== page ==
Correction to This Article
A previous version of this editorial incorrectly referred to Sonia Sotomayor as the daughter of "immigrant" parents. Her parents were born in Puerto Rico after passage of the 1917 law that automatically conferred U.S. citizenship on island-born residents.

What senators could ask Judge Sonia Sotomayor

Wednesday, May 27, 2009

THERE IS MUCH to admire in the achievements of Sonia Sotomayor, the New York judge tapped by President Obama to fill a Supreme Court vacancy created by the impending retirement of Justice David H. Souter.

Born to Puerto Rican parents and raised in a housing project in the Bronx, Judge Sotomayor went on to excel at Princeton and earn a law degree from Yale. She worked as a prosecutor and represented corporate interests in private practice before being named to the federal trial court in New York by President George H.W. Bush; she was later elevated to a slot on the New York-based U.S. Court of Appeals for the 2nd Circuit by President Bill Clinton. As a Hispanic woman with such a diversity of legal experience, she would bring a welcome fresh perspective to the bench.

Judge Sotomayor has spoken about how gender, ethnicity and race influence a judge's views, and that should be one subject for her confirmation hearings. In a 2001 speech, she said: "The aspiration to impartiality is just that -- it's an aspiration because it denies the fact that we are by our experiences making different choices than others. . . . Justice [Sandra Day] O'Connor has often been cited as saying that a wise old man and wise old woman will reach the same conclusion in deciding cases . . . . I am not so sure that I agree with the statement. First, . . . there can never be a universal definition of wise. Second, I would hope that a wise Latina woman with the richness of her experiences would more often than not reach a better conclusion than a white male who hasn't lived that life."

Senators could ask her, then, how, when deciding a case, she balances the quest for objectivity with her personal experiences. They might also ask her views on judicial activism. In a panel discussion in 2005, she said that a "court of appeals is where policy is made." Conservative critics have seized on this statement to argue that she is a judicial activist who believes judges should make, rather than interpret, the law. Yet her statement could just as easily be understood to be explaining correctly that the courts of appeals -- and not the Supreme Court -- are the venues where the vast majority of cases and policies are ultimately decided.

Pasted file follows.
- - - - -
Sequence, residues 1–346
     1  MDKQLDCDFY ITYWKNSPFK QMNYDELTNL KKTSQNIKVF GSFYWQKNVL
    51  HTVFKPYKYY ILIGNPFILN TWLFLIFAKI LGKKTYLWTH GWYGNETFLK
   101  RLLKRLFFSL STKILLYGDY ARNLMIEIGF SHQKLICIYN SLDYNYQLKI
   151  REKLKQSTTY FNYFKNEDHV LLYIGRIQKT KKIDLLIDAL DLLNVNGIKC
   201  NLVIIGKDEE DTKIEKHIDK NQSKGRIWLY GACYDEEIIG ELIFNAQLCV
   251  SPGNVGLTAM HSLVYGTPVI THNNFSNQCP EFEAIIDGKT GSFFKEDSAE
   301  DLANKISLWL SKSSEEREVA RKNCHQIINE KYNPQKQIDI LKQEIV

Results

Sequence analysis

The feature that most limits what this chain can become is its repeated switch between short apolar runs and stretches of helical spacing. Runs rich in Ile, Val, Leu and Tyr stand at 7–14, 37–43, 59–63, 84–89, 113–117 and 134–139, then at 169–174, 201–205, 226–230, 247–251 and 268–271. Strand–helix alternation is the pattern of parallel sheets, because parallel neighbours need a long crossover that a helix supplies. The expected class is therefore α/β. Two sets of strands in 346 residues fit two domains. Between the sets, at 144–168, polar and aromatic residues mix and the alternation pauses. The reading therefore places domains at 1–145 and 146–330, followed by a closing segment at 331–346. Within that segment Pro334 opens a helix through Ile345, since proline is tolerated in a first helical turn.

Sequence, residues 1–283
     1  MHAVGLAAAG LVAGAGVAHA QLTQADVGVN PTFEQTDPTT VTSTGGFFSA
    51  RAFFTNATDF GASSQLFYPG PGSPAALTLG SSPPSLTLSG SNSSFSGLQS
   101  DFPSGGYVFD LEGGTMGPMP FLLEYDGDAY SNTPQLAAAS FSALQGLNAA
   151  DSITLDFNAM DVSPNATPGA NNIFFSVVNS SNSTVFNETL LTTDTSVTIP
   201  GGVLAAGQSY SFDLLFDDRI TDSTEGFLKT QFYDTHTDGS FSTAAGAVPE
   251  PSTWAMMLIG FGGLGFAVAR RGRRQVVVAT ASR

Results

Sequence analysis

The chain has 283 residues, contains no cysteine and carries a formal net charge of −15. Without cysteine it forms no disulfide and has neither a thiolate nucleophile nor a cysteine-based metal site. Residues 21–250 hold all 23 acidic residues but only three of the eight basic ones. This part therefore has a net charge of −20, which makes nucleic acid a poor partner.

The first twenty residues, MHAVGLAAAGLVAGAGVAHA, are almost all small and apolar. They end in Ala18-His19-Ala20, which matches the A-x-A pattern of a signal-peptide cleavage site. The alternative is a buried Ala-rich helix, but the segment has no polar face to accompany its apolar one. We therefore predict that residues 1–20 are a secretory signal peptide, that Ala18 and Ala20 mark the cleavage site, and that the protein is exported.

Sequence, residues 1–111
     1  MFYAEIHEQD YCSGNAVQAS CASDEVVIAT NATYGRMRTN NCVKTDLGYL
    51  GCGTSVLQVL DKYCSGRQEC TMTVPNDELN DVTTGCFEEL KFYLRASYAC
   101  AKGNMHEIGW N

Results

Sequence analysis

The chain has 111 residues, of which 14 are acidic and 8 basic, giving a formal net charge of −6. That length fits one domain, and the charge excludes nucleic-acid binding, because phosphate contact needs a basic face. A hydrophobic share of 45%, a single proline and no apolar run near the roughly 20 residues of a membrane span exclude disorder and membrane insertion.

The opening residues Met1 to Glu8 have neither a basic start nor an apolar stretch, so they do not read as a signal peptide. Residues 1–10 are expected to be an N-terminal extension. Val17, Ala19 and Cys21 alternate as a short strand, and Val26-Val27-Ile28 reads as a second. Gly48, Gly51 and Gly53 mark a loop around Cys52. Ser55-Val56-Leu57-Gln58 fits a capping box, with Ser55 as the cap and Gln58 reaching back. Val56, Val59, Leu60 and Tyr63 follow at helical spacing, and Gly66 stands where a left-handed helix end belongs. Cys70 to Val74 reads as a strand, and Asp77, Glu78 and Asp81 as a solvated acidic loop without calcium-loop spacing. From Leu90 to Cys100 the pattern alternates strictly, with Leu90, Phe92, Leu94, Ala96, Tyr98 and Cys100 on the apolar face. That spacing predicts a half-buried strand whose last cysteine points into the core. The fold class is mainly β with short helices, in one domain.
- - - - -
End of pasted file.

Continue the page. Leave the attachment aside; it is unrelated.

We hope Judge Sotomayor also will discuss her thinking in the case of Ricci v. DeStefano, in which a group of white firefighters sued the city of New Haven for failing to certify promotion tests because no African Americans had scored high enough to qualify for advancement. A trial court ruled against the white firefighters, and on appeal, Judge Sotomayor and two colleagues essentially rubber-stamped the lower court decision without elaboration, even though the case presented important and undecided questions of law. That case is now awaiting a decision by the Supreme Court justices whom Judge Sotomayor soon hopes to join as a colleague.

Senators are right to closely scrutinize Judge Sotomayor's philosophy and qualifications. She has produced a rich record of opinions as an appeals court judge for the Judiciary Committee to discuss. Senators also should remember that Mr. Obama, like any president, is entitled to deference in choosing a justice.

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